What Is Wealth? Wealth is the sum total of assets (things that you own) that give you financial security. The word wealth carries the idea of abundance and security.
Building Wealth vs. Getting Rich - there's an important distinction to make here. Becoming rich happens when you experience a financial windfall or a sudden influx of money. A tech company having an IPO, receiving an inheritance, or a pro athlete signing a deal are all examples of financial windfalls.
Sadly, though, you can blow through lots of money in the blink of an eye! That's because the good habits that allow people to build wealth (generosity, planning, discipline, and consistency) are the same habits that help people stay wealthy. No one becomes rich by accident. You must set a goal to work hard, grow your money, and show up daily to make that dream a reality.
Source: Ramsey Solutions (Dave Ramsey), https://www.ramseysolutions.com/retirement/how-do-you-define-wealth
UM: Thank you for providing these thought-provoking questions as we prepare to meet with you on Saturday, August 20th at 10:00 am (EST). Everyone is invited to attend this free event: https://us02web.zoom.us/j/89821086952
RLD: The only other thing I would add is this: I measure wealth, not by the number of material things one has but by how long the benefits of one's management of abundance last. I like to use the analogy of a bucket versus a stream. If you fill a bucket with water, that water will only last until the last cup is drawn. However, if your water source is a river or even a stream, then the water could potentially flow for the unforeseeable future. Being rich is like water in a bucket. Being wealthy is like having a source of never-ending water that one manages for the benefit of many for an extended period.
RLD: Remember, everyone is invited to join us on Saturday, August 20, 2022, at 10:00 a.m.
The Zoom link is: https://us02web.zoom.us/j/89821086952
Updated: Apr 22, 2022
UM Board Member, Phyllis Wilson, interviews Dr. Malcolm Hill Sr.
Coach of the Illinois Orange Basketball Club
Within urban communities throughout the world, there are experienced leaders who are effective promoting social change, and that’s exactly what Dr. Malcolm Hill Sr. is doing with The Illinois Orange Basketball Club. Dr Hill’s vita includes teaching at the elementary school level, secondary social studies department chair, athletic director, associate principal, and 25 years of basketball coaching experience. In addition, as a coach, Dr. Hill won three Missouri District Championships, five suburban East and North conference championships; won many AAU tournaments and won five coaches of the year awards. Dr. Hill has assisted with the recruitment of more than fifty student athletes.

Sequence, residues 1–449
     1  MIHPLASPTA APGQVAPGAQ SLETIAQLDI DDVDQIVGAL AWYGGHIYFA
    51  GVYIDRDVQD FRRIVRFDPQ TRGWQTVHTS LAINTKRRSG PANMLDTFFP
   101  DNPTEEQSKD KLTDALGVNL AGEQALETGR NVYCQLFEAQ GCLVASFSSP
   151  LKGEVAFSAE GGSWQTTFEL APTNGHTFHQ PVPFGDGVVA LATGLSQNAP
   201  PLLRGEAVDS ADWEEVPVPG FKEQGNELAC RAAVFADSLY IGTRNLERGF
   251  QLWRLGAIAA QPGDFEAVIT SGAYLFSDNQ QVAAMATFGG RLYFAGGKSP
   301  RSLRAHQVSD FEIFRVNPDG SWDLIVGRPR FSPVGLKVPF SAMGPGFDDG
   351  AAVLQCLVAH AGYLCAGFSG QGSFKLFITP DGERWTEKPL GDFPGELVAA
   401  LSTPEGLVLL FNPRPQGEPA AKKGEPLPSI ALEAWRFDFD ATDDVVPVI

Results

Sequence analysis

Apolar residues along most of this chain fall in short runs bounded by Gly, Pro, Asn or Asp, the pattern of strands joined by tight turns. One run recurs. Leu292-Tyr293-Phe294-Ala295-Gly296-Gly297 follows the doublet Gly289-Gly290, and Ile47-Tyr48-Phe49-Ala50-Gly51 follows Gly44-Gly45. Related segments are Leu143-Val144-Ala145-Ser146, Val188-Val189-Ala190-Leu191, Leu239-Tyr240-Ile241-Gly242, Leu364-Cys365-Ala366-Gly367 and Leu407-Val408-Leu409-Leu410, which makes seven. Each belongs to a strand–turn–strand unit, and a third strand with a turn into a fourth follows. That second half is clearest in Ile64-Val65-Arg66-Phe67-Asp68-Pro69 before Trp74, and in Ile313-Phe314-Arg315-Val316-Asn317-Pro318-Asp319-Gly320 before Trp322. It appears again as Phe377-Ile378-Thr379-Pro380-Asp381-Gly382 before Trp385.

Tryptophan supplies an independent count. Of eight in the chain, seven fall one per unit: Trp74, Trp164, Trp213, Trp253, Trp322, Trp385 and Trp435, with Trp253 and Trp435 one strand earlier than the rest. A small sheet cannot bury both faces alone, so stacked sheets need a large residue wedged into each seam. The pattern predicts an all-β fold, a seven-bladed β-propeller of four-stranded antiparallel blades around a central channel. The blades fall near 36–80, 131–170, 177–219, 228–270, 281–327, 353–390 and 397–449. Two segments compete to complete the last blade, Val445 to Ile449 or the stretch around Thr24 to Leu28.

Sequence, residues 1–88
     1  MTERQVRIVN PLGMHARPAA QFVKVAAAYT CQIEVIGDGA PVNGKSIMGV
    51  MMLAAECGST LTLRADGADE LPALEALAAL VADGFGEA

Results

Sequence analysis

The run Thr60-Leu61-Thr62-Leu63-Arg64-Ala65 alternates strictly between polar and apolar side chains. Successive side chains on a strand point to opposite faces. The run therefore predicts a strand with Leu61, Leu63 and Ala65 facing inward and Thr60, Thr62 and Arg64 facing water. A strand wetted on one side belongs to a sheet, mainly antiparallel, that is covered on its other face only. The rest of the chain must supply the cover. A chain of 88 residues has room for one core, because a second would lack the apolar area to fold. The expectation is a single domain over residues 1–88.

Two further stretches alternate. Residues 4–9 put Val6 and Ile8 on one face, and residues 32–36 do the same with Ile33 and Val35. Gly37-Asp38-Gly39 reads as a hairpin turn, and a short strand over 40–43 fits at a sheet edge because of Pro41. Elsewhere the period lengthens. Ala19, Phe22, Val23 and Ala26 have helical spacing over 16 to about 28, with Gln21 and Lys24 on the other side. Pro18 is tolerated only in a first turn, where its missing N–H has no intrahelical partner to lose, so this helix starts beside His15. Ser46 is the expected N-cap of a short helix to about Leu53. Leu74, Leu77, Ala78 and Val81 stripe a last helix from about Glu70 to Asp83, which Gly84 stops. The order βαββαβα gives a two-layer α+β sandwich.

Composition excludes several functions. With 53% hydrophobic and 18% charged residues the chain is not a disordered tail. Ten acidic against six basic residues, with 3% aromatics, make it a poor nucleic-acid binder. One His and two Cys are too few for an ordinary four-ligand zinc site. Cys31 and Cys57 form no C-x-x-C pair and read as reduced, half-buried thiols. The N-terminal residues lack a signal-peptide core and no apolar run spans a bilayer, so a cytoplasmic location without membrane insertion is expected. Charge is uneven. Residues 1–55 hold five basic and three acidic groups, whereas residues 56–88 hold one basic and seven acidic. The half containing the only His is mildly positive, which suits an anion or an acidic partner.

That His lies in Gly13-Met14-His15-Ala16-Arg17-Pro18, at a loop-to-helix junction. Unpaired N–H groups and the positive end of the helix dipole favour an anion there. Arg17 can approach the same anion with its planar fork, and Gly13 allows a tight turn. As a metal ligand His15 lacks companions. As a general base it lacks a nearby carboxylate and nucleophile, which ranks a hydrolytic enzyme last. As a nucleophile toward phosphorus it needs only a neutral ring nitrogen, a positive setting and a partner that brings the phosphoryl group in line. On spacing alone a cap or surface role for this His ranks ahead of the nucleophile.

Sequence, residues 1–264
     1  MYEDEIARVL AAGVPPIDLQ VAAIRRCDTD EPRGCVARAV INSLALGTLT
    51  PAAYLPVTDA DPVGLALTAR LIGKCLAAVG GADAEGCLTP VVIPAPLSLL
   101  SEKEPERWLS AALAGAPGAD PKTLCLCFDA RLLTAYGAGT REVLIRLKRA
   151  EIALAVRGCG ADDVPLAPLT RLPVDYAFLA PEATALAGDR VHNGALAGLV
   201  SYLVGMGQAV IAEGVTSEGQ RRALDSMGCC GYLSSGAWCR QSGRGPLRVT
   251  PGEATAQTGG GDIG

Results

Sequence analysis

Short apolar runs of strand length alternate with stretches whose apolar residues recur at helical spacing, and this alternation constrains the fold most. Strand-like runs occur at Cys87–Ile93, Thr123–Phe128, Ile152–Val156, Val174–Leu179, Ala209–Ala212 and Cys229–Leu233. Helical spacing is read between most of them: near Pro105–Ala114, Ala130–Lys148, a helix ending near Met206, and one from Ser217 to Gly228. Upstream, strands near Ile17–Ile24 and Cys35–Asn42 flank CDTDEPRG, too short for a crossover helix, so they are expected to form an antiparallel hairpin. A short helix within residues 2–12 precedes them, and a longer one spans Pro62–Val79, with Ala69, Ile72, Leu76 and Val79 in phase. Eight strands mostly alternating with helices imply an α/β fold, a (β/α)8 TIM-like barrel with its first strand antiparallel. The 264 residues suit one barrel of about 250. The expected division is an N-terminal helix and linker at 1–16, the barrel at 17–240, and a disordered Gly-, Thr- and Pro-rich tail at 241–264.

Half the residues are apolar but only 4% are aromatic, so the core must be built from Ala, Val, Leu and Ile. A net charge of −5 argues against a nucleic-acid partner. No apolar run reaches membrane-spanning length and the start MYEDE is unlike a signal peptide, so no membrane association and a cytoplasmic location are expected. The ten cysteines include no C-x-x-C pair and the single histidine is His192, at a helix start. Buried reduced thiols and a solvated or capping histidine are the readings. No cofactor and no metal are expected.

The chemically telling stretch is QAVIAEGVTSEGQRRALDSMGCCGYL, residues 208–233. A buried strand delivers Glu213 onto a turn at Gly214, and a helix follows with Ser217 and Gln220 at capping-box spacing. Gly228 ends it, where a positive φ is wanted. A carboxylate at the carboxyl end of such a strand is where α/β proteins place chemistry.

The non-profit Orange Basketball Club (501c3) was founded to honor his son, Malcolm Hill Jr., and the Illinois basketball players throughout the great state of Illinois. Malcolm Hill Jr. is the third all-time leading scorer in the history of the University of Illinois basketball players and currently plays for the Atlanta Hawks. I had the pleasure of interviewing Dr. Hill and learning more about his organization.
UM: Dr. Hill, thank you for the opportunity to interview you. I would like to share your program with other readers in an article written for Urban Missiology. First, we are really excited about The Illinois Orange Basketball Club. What inspired you to start this nonprofit basketball program for youngsters?
Dr. Hill: My career spans 27 years in education. During that time, I was a teacher and a basketball coach before I became an administrator. After becoming an administrator, I really missed coaching quite a bit, so I got involved in coaching again and my son Malcom Hill Jr. benefited from it through the Southwest Illinois Jets organization. I was able to assist his AAU coach, help develop his skills and he was able to become an accomplished basketball player. I was with the Southwest Illinois Jets for the past 10 or 11 years and I was able to learn the business. I learned how the finances work, how to schedule and how to recruit kids. So, this past year, I decided to start my own nonprofit AAU organization, The Illinois Orange Basketball Club
UM: Tell me a little bit about the Illinois Orange Basketball Club. Dr. Hill: Our mission is to provide high quality basketball skills training with an emphasis on skill development, and teaching character through educational lessons during the season. Our goal is to build strong relationships on and off the court and inspire these young men to become productive citizens.
UM: Do You offer various developmental basketball camps or is this program designed to train specifically for tournaments?
Dr. Hill: We do both, we focus on training for tournaments and we offer skill camps that range three or four times a year. Quarterly, and they go from June up until AAU season when we start recruiting in October. The league will compete in local leagues and local basketball tournaments in the Midwest Region. Our goal is to eventually compete in national basketball tournaments.
UM: During these camps, I know as coach, you are teaching essential skills and techniques and how to play competitive sports. Is there a specific age group you are working with and can girls as well as boys participate?